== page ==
Carmel-by-the-Sea’s New Mission Statement
The Carmel Mission’s Revolutionary Podcast Brings School Kids Closer to California History
If you’re in a California public school, you know that fourth grade is “Mission Time.”
A new project about the Carmel Mission, thought by many to be the crown jewel of the mission system, hopes to make a critical portion of California history more accessible to 21st-century students and their families, and to travelers in general.
Carmel recently became the first of California’s 21 missions to create a podcast. Podcasts are videos or radio-like files that can be downloaded from the Internet for playback on MP3 players. (Apple’s iPod is an example of an MP3 player.)
Carmel’s video podcast is available for free on the city’s travel Website (www.carmelcalifornia.com). It contains vintage photos and a colorful narrative tracing the Carmel Mission’s 236-year history.
“For 30 years, I’ve said that if I could just touch my forehead to my students’ and pass on information about the missions, that’s what I’d do,” says Susan Weinberg, a fourth-grade teacher in Oakland. “This technology, to me, is the closest thing to that. Plus, students who are confused can reverse and hear it again, and it makes learning easier for those kids who are auditory learners.”
MP3 technology is steadily making its way into education’s hallowed halls. Two years ago, Duke University made history when it gave an iPod to each of its incoming freshmen. Nearly 100 colleges have followed suit, and today iPods have become a curricular norm in some school districts at as low as the elementary grades.
“I think (the Carmel podcast) is a brilliant idea,” says Daniel Krieger, a history professor at Cal Poly, San Luis Obispo, who is also president of the California Missions Studies Association. “It takes a complex, antique concept and makes it contemporary and easy to understand. Anything that makes (the missions) more relevant is welcome, particularly if it introduces a young audience to the profound beauty of the Carmel Mission.”
The mission podcast takes viewers back some 240 years to a time when Carmel was a vital religious center rather than a world-famous tourist destination. Founded in 1771, Carmel became headquarters for California’s 21 missions, and was home to their founder, Father Junipero Serra. At one point, the mission was like a small, self-sufficient city unto itself, with several thousand people living on the premises.
Sitting just a half-mile from the beach and steps from Clint Eastwood’s famous Mission Ranch, the Carmel Mission still functions as a thriving parish and school. It contains what is thought to be California’s first library, as well as the famous Serra monument and a statue that was on the altar when the mission first opened its doors. In all, there are fives museums on the mission’s grounds.
One Carmel hotelier says she’s ready should iPod-savvy families suddenly become more engaged with the mission by way of the podcast.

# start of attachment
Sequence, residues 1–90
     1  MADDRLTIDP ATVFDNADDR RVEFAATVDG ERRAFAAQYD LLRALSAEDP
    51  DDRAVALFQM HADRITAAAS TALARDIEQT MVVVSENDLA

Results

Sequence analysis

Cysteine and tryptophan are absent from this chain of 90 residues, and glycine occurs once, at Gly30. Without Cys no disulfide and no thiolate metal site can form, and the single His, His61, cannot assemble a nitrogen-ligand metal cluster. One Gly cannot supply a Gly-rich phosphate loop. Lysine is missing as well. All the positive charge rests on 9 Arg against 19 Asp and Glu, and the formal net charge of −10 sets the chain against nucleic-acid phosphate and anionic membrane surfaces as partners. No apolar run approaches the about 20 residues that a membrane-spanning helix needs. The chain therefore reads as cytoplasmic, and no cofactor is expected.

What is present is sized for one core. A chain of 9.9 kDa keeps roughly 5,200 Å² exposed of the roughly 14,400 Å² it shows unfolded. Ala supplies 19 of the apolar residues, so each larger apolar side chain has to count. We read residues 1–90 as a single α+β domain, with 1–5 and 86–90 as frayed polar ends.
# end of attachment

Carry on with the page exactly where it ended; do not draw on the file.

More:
“It’s not unusual for entire families to stay with us while they research their fourth-grade project,” says Carrie Theis, owner of Hofsas House near Ocean Ave. “It’s incredible how the parents and siblings get involved. Hopefully, being the first to have a podcast will excite kids and their parents about Carmel and make them want to come here.”
The priests who populated the mission two centuries ago lived famously spartan lives, sleeping in small cells furnished with nothing but a cot, a desk and a candle. While they probably would have thought an MP3 player an extravagance, Carmel’s marketing guru says the new podcast will be welcome news to the 100 million-strong iPod nation that is revolutionizing the way learning and travel are done in the 21st century.
“The iPod is becoming a cultural norm, much like the Walkman once was,” says Jeff Burghardt, whose Anda-Burghardt Advertising created the Carmel podcast. “It’s not at all uncommon to see someone walking through a tourist destination with their earbuds in, listening to audio tours or regional music, or looking at downloaded maps.”
“The mission’s podcast builds a bridge to visitors in a way that’s consistent with how folks are getting their information these days.”
The Carmel Mission podcast can be downloaded by visiting www.carmelcalifornia.com. A printable outline of the video script with associated pictures is also available here.
Carmel lies 51 miles south of San Jose, and 120 miles south of San Francisco. From State Highway 1, exit at either Carpenter Street or Ocean Avenue and head west. All-day parking lots are located at Mission Street and 8th Avenue or beneath Carmel Plaza at Mission and 7th Avenue. Travelers can pick up maps and other helpful guides at the Carmel Visitors Center (San Carlos St. between 5th and 6th avenues; 831/624-2522). For information on lodging, dining and holiday activities, visit www.carmelcalifornia.com.